So this is the story of a cake that took WAY longer than expected and used WAY more tools than I ever thought it would (mainly because I wanted it to be easier for myself and I'm lucky enough to have every cake tool known to man ;)
My mother's best friend asked me to make a cake for her daughter's 40th - 'oh something simple, she loves Miss Marple'.. Can you make Miss Marple's Cottage? The truth is, I'm not sure I'd EVER watched Miss Marple in my life so I got straight on to my lovely student group and asked them what it should include! Luckily they were much more clued up than me so they were pretty good at helping with my random questions about the few photos I could find online - like Is that wall a part of the fence???? (no, it's not apparently ;) - why do I get so consumed with such things???
So of course a cake will never look exactly like a specific house, but I like to think I made somehting quite lovely - I thought it would be nice to take you through how I made the cake as lots people are often scared of such cakes and they're really not so bad..
I started with two sheet cakes baked in small roasting tins and cut rectangles from them, stacked them to create a large rectangular building. I then use the left over bits (that weren't big enough) and pieced them together to make the roof, which was then carved into a triangular shape. The cake was ganached and then covered in white sugarpaste. I had a major stress about the upstairs windows and then decided to just make them out of blocks of sugarpaste (maybe a bit heavy but it worked - they weren't as big as I'd imagined).
I then used a strip cutter tool to emboss the brickwork and used a small fold of card to mark the individual bricks (I didn't have a small brick embosser and the bigger one looked wrong on this scale). I used the same method for the rook but did squares instead (I couldn't bear the thought of making a million overlayed strips to make it look more realistic but would probably have done that if I had more time).. I then stuck the sugarpaste windows on and airbrushed the cake. It turned out quite a bit browner than intended but I liked the look of it :)
I'd played aorund with the board as I intended to pipe grass all over it, then made a decision to just pipe grass inside the fenced bit. I would usually use a new stiff brush for marking grass but I didn't have one so I eneded up using a cheese grater (I know, totally random!) to mark the green paste. It didn't matter that it was a bit basic as a lot of it was being covered anyway.. The cake was placed onto the green board and was then ready for it's accessories (my favourite bit!)! (oh, and I don't have a photo, but I made a 'brick' archway to cover the door which you can just about see in the end photos - that was dried and airbrushed separately before assembling).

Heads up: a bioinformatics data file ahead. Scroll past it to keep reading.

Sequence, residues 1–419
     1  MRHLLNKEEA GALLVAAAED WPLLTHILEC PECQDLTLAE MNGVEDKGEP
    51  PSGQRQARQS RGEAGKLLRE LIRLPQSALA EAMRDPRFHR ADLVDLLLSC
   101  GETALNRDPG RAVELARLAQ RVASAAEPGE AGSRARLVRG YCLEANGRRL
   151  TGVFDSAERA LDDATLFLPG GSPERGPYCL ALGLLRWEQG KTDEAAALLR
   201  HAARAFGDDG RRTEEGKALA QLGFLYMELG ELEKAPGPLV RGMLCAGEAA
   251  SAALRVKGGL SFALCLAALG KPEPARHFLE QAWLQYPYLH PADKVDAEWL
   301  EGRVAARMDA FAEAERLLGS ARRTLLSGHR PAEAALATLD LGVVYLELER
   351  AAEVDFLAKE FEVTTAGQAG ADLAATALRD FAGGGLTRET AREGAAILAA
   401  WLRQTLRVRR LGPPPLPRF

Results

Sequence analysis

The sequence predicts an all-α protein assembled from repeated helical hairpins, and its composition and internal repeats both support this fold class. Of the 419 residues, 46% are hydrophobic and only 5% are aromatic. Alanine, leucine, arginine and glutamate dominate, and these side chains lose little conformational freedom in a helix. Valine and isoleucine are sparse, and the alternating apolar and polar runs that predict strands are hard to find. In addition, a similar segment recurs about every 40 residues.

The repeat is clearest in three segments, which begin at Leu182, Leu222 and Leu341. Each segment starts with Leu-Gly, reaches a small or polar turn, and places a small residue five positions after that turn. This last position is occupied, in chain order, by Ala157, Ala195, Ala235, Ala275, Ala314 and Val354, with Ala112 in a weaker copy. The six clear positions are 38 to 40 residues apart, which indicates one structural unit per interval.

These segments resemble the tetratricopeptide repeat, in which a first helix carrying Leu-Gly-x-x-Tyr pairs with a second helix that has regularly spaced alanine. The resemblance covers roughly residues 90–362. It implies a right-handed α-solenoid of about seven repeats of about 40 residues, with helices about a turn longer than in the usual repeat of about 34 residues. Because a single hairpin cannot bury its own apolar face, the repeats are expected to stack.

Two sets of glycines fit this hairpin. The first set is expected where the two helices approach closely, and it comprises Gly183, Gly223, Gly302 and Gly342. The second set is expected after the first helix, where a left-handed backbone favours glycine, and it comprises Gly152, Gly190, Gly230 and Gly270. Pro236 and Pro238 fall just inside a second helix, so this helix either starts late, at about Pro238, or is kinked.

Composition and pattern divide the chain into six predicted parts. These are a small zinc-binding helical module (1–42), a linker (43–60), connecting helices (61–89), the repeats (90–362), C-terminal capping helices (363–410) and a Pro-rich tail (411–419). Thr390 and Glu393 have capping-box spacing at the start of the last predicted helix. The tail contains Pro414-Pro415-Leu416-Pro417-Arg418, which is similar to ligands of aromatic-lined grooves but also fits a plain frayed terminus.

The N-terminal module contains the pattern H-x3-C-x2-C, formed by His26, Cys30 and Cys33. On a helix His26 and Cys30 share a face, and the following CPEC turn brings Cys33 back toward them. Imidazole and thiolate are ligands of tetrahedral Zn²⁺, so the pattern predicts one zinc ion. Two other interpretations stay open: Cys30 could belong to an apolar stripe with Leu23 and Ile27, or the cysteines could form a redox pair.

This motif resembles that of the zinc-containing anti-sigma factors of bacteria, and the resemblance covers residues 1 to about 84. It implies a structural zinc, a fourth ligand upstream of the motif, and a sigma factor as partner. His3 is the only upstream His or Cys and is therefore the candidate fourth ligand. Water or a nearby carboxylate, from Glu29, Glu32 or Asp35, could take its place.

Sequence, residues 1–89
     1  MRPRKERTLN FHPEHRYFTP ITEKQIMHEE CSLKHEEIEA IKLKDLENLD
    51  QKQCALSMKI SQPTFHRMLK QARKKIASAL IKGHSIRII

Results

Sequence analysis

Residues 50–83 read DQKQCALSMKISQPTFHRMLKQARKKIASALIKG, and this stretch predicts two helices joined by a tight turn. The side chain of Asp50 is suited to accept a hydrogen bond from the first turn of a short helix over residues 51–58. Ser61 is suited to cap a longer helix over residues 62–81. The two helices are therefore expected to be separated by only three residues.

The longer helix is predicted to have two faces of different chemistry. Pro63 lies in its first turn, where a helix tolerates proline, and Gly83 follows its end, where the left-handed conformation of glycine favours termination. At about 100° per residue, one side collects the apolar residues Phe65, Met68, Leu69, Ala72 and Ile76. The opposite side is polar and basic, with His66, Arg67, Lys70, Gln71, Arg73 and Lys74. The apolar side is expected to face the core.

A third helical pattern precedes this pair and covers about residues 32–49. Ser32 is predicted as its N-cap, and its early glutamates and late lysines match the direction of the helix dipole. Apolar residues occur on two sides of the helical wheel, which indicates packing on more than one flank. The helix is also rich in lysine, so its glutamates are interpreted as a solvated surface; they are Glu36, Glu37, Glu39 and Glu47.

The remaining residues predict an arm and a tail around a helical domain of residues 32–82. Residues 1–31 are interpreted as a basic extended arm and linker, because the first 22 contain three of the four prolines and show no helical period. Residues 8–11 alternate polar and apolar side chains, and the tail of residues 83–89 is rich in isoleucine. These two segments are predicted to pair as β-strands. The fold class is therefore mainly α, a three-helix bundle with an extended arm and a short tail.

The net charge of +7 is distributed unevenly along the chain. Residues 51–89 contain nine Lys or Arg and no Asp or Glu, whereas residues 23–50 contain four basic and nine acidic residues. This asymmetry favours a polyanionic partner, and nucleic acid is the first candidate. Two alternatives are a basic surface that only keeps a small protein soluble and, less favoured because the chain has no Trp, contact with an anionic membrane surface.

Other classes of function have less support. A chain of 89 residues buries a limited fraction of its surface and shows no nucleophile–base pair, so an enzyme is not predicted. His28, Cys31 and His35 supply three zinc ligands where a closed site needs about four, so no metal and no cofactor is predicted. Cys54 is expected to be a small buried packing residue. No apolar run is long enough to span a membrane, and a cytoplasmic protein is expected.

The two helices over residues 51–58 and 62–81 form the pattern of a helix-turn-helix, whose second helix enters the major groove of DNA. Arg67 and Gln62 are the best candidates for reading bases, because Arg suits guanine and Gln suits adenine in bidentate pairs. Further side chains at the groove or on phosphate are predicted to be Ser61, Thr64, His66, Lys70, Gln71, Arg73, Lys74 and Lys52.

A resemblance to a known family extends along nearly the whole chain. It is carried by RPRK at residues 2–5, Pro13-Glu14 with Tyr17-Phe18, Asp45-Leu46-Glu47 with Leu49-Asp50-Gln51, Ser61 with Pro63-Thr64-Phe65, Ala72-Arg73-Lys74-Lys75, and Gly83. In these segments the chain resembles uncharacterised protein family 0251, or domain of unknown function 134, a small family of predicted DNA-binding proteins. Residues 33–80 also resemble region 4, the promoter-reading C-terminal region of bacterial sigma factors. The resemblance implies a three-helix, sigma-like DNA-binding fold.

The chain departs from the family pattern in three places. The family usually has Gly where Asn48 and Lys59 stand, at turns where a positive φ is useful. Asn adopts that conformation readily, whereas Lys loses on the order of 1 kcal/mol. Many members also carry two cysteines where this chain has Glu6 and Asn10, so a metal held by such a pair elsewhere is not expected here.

So here's a breakdown of what was then added:
- Pathway - marbled grey sugarpaste and the FMM cobbelestone mat.
- White Perimieter Fence - (painstakingly) made from florist paste using the smallest JEM strip cutter (I can't even begin to tell you how annoying that was to make, but I feel it was worthwhile in the end as it looked just as I'd hoped!) - the fence was left to dry overnight so it was hard and easier to handle.
- Door - brown sugarpaste and the FMM wood embossing mat and little square cutters to cut the holes out.
- Window Frames - JEM strip cutters again
- PME Blossom Cutters - I'd cut lots of tiny blossoms (using a PME plunger cutter) in a few different colours
- Tiny Roses - mould (Alphabet Moulds) in the same colours and wanted these to surrond the door and fill the garden.
Using green royal icing, I filled two bags - one with a Jem No.2 Round Tip and one with a Wilton 352 Leaf Tip. I used a comnbination of both tips to pipe a massive amount of leaves and twines around the windows, door and up the sides of the house. I then piped layers of leaves to create little rose bushes. I stuck the pre-made flowers on as I went along. I piped grass using a Wilton 233 Tip and stuck the fence straight into the grass to hold it in place.
I completed the cake with a couple of edible prints for the newspaper and the 'St Mary Mead' sign and of course personalised it for the birthday girl.
Here's the finished cake:
I hope you've found it interesting - let me know your thoughts!